[R-sig-Geo] error message when running errorsarlm

Roger Bivand Roger.Bivand at nhh.no
Thu May 22 10:47:34 CEST 2008

On Wed, 21 May 2008, evans324 at umn.edu wrote:

> On May 21 2008, Roger Bivand wrote:
>> On Wed, 21 May 2008, evans324 at umn.edu wrote:
>> >  Thanks. I upgraded and updated everything and got a better result.
>> Does that mean that you get a sensible lambda for your model now - the line 
>> search leads somewhere other than a boundary of the interval?
> I apologize for being unclear. I actually upgraded R and updated packages, 
> then ran errorsarlm with method="Matrix" and got the same error messages I'd 
> had previously (i.e., the search led to the boundary of the interval). I then 
> tried your other suggestion and used method="spam" and got a result with no 
> error messages.

But we do not know why the two are not the same (they should be), so I 
would still not trust the outcome. I would be interested in off-list 
access to the data being used - I think that there is some issue with the 
scaling of the variable values. Do you see the same difference using 
spautolm(), which is effectively the same as errorsarlm(), but with a 
different internal structure?

>> >  However, I'm not 100% sure that I'm using the correct command to 
>> >  accomplish what I need to accomplish. My OLS model has significant 
>> >  spatial autocorrelation (RLMlag is not significant and RLMerror is) and 
>> >  heteroscedasticity. I had hoped to use errorsarlm then run White's 
>> >  standard errors to address this, but I find that hccm(car) requires a 
>> >  .lm object. Looking through old threads, I found one that suggests using 
>> >  spautolm is such situations. Does spautolm address both spatial 
>> >  autocorrelation and heteroscedasticity?
>> There are different traditions. Econometricians and some others in social 
>> science try to trick the standard errors by "magic", while epidemiologists 
>> (and crime people) typically use case weights - that is model the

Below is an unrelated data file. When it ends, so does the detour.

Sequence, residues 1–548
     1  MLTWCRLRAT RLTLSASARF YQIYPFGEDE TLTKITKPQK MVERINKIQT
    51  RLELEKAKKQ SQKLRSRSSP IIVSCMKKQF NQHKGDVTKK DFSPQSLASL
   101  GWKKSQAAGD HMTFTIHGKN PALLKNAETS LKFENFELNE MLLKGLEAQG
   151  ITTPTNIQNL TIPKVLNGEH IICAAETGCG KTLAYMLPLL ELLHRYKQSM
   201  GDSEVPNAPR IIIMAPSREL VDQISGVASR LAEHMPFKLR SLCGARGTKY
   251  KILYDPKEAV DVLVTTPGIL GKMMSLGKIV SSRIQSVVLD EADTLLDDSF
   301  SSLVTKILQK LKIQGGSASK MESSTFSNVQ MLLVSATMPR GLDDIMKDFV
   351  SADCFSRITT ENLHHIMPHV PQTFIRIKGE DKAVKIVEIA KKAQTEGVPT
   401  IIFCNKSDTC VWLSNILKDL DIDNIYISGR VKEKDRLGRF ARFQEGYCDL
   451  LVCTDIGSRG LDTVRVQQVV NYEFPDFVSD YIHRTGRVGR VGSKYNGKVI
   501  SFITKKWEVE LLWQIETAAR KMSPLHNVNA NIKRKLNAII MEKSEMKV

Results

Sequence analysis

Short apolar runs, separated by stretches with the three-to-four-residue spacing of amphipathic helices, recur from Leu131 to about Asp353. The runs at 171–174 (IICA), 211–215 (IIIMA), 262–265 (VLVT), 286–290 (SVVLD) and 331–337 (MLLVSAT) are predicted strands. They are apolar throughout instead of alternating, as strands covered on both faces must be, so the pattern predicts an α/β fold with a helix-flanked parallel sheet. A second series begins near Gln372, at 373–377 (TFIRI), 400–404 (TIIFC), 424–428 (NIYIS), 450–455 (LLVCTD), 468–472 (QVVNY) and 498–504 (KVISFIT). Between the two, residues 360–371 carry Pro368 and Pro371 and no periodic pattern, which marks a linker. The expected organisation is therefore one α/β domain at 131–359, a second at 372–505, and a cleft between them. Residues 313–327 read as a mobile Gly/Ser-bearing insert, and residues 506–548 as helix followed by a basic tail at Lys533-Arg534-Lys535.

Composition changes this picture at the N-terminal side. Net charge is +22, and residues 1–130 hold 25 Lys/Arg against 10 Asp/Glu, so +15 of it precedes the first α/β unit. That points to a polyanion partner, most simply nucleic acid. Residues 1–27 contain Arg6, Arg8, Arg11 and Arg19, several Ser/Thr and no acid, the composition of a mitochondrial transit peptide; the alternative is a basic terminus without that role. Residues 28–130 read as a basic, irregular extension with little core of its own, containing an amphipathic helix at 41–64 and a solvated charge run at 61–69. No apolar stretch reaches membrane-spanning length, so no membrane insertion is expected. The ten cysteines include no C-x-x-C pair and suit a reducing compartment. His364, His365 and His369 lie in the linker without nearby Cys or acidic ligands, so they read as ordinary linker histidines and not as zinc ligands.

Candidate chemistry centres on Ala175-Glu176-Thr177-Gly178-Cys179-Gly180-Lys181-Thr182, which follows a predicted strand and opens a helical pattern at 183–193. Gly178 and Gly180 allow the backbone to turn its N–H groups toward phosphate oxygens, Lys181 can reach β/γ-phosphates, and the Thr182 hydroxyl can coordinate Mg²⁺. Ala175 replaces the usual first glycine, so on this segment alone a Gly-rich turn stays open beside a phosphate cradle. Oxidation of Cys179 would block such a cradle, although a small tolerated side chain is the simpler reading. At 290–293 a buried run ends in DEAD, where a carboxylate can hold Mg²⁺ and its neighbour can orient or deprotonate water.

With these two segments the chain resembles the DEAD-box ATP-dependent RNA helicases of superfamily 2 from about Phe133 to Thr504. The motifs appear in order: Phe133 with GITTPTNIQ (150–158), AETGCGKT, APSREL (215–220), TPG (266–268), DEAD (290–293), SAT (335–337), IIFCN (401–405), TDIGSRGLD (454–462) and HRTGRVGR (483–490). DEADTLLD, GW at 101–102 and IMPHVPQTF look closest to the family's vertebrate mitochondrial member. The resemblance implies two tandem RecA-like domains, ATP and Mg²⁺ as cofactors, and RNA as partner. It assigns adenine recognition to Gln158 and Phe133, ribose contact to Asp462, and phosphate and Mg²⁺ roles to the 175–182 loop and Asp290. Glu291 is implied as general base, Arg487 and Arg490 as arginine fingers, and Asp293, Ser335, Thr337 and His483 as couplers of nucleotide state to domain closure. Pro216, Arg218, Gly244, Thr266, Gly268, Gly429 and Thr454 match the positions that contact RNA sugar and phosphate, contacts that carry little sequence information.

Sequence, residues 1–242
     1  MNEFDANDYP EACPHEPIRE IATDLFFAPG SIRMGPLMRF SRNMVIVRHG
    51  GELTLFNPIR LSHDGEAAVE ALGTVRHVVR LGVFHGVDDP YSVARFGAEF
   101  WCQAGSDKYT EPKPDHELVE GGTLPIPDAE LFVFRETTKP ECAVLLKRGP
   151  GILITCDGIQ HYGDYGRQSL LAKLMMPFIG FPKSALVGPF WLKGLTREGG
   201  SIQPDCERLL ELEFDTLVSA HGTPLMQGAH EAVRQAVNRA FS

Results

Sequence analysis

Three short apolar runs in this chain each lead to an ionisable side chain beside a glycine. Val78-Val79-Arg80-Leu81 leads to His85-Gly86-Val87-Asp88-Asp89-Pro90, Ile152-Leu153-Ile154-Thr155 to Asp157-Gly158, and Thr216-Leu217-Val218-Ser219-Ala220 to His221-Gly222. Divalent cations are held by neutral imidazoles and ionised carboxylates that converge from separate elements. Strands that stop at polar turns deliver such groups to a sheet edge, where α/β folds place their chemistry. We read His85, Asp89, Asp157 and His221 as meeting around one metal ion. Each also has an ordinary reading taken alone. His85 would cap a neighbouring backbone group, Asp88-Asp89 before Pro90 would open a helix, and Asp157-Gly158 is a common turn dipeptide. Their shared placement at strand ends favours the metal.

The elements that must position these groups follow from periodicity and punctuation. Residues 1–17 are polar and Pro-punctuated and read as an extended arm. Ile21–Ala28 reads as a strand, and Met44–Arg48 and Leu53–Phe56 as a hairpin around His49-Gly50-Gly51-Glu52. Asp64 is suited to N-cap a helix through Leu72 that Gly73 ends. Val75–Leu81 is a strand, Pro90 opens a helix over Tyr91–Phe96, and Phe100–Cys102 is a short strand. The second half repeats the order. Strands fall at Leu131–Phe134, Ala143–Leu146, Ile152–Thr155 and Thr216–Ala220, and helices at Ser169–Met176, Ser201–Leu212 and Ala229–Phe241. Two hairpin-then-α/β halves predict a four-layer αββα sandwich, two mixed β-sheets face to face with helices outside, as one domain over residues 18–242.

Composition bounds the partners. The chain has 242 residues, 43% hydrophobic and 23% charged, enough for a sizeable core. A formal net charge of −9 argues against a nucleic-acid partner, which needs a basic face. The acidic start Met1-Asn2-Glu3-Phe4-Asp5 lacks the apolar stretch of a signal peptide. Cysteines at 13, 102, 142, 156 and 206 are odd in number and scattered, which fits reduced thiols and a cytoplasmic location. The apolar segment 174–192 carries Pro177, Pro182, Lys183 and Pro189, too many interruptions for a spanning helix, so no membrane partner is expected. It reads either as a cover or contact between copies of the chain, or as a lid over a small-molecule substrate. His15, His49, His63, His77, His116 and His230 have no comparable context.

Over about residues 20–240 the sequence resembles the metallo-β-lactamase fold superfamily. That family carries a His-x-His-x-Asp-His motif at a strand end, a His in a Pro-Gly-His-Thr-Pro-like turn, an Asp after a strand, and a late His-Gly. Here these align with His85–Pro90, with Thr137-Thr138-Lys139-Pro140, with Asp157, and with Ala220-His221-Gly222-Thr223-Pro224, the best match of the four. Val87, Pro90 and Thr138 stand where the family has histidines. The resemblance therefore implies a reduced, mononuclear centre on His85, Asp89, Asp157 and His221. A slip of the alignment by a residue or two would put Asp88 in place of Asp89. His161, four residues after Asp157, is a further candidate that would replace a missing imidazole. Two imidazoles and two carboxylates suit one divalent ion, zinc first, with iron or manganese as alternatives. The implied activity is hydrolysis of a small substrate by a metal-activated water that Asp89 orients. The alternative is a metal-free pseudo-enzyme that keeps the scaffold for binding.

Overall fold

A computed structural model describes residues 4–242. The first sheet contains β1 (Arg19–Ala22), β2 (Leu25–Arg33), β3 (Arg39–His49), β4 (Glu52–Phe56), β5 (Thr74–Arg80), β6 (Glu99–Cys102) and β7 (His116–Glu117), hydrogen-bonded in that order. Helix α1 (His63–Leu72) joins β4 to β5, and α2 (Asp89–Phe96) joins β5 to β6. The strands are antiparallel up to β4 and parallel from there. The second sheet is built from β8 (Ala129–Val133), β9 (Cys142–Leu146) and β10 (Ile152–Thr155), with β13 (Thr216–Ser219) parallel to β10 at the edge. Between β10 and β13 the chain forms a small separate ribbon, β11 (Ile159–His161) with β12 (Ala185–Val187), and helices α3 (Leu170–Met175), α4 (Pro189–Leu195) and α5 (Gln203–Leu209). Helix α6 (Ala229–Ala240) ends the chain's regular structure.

>> heteroscedasticity directly. spautolm() can include such case weights. I 
>> don't think that there is any substantive and reliable theory for adjusting 
>> the SE, that is theory that doesn't appeal to assumptions we already know 
>> don't hold. Sampling from the posterior gives a handle on this, but is not 
>> simple, and doesn't really suit 10K observations.
> Can you explain "magic" a little further? I'm running this for a professor 
> who is a bit nervous about black box techniques and I'd like to be able to 
> offer him a good explanation. I think he'll just have me calculate White's 
> standard errors and ignore spatial autocorrelation if I can't be clearer.

If this is all your "professor" can manage, please replace/educate! The 
model is fundamentally misspecified, and neither "magicing" the standard 
errors, nor just fitting a simultaneous autoregressive error model will 
let you make fair decisions on the "significance" or otherwise of the 
right-hand side variables, which I suppose is the object of the exercise?

(Looking at Johnston & DiNardo (1997), pp. 164-166, it looks as if White's 
SE only help asymptotically (in Prof. Ripley's well-known remark, 
asymptotics are a foreign country with spatial data), and not in finite 
samples, and their performance is unknown if the residuals are 
autocorrelated, which is the case here).

The vast number of observations is no help either, because they certainly 
introduce heterogeneity that has not been controlled for. Is this a grid 
of global species occurrence data, by any chance? Which RHS variables are 
covering for differences in environmental drivers? Or is there a better 
reason for using many observations (instead of careful data collection) 
than just their being available?

More observations do not mean more information if meaningful differences 
across the observations are not captured by included variables (with the 
correct functional form). Have you tried GAM with flexible functional 
forms on the RHS variables and s(x,y) on the (point) locations of the 

You are not alone in your plight, but if the inferences matter, then it's 
better to be cautious, irrespective of the "professor".


> Thanks again.
> Heather

Roger Bivand
Economic Geography Section, Department of Economics, Norwegian School of
Economics and Business Administration, Helleveien 30, N-5045 Bergen,
Norway. voice: +47 55 95 93 55; fax +47 55 95 95 43
e-mail: Roger.Bivand at nhh.no

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